Princess Anne’s Groundbreaking Equestrian Career

by Elysian Magazine

Horses have played an important part in the life of England’s Royal Family. The Queen, herself an accomplished rider, has for 70 years maintained an active hand in the breeding and training of her numerous champion thoroughbred race horses. Her late husband, Prince Philip, was, quite literally, a driving force in competitive four-in-hand carriage driving, and he bequeathed his horses and carriages to his granddaughter, Lady Louise Windsor, who has inherited her grandfather’s passion for the sport. Prince Philip, like his son Prince Charles and grandson William after him, was an avid and accomplished polo player. And Anne, the Princess Royal, has ridden into history as a champion equestrienne.

As a toddler, Anne shared a pony with her older brother Charles and began taking riding lessons early. She attended Benenden School, a private boarding school in Kent, where she rode nearby at the Moat House Riding School, and at the age of 11, Anne began to compete publicly in equestrian competitions. She excelled in show jumping, and despite numerous bruises and breaks, was known for getting right back in the saddle. After graduating from Benenden in 1968, she embarked upon a competitive riding career. It was then that she met her first husband, the dashing Captain Mark Philips, a reserve on the British Olympic equestrian team that year.

In 1971, Anne finished fourth at the Rushall Horse Trials and slipped to fifth after a brief lead at the Badminton Trials before Captain Phillips took first place. Her plans to enter the coveted 1971 European Eventing Championships at Burghley House, Cambridge, were almost dashed by an inflamed ovarian cyst just two months before its start, but she was able to rally nonetheless, taking the lead and ending with a flawless finish in show-jumping on her treasured gelding, Doublet. Not only did she win the European gold medal, but she was the first to win the BBC’s Sports Personality of the Year Award.

She set her sights on the 1972 Olympics next, but luck seemed against her for a time: just days before the qualifier at that year’s Badminton Horse trials, Doublet suffered a strained tendon; at the 1973 European Championships held in Kiev, Ukraine, she was disqualified after falling from her horse. In 1975, though, she pushed through a serious illness and rode in the 1975 Championships in Luhmühlen, West Germany, on her powerful horse, Goodwell, and won the silver medals in both the individual and team events. The following year, she was selected to represent her country on the British Olympic team at the Montreal Games, pushing again through the pain of a fracture, where she fell and, despite a concussion, got back on her horse to finish the course.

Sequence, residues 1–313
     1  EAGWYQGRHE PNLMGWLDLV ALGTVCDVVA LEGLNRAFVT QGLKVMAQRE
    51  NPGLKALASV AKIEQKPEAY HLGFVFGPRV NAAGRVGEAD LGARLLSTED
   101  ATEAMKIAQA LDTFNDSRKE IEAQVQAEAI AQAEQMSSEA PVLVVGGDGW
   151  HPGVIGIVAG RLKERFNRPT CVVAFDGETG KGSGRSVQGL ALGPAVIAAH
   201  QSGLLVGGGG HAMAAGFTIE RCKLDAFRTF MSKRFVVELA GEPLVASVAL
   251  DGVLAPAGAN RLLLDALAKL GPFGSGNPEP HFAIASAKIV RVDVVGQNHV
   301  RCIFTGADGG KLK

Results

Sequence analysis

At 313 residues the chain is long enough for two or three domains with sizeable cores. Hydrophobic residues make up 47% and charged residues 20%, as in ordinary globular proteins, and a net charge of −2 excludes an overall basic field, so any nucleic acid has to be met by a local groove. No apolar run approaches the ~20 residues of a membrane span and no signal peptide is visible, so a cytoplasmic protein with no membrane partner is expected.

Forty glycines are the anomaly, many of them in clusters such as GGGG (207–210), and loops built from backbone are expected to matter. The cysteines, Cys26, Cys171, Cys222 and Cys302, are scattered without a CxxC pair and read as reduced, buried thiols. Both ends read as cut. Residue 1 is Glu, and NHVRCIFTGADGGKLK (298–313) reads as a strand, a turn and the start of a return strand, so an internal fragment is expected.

Anne continued competing and finished sixth at Badminton in 1979; however, she changed direction in 1985 and left the show ring for the race course, continuing her champion streak in flat and steeplechase races over the next five years. In 1988, Princess Anne was appointed a member of the International Olympic Committee, an IF representative of the Eligibility Commission from 1990 through 1994, chair of the Nominations Committee from 2014 to 2015, and President of the British Olympic Association. She was involved in London’s successful bid to host the 2012 Olympic Games and formally accepted the Olympic flame in Athens on behalf of London and brought it back to Britain for its 8,000-mile relay tour. In the meantime, her daughter Zara followed her mother’s lead and entered international competition herself, crowning her own career with both an individual and team gold at the 2005 European Championships, and a silver at the 2012 London Olympics.

Princess Anne is widely admired as “the hardest working Royal,” her unlimited energy spread across hundreds of charities, but her work on behalf of horses and equestrian philanthropies must top her list of favorites. Since 1971, she has been a Patron of the Riding for the Disabled, which provides riding and carriage driving opportunities for over 25,000 children and adults, and has served the charity as its president since 1985. “We are extremely fortunate to have the Princess Royal as our President. She absolutely believes in what we do,” says RDA Chief Executive, Ed Bracher. To commemorate her 50 years of support, a new Princess Royal Coaching Academy has been launched, which “will enable the RDA to improve learning opportunities for their coaches.”

Along with Zara, Princess Anne has been instrumental in bringing public awareness to horse welfare and equine charities, such as World Horse Welfare. In 2019 Princess Anne opened the redeveloped Penny Farm Rescue and Rehoming Centre, outside of Blackpool, one of the charity’s four centers across Britain.

Through her love of horses, the Princess Royal has been a beacon to the world of courage, commitment, and vision—not just in the equestrian sports to which she is devoted, but as a proud and noble woman who fittingly follows her mother, the Queen, and her father, the late Duke of Edinburgh’s magnificent legacy—and can purely be called “a daughter of the United Kingdom.”

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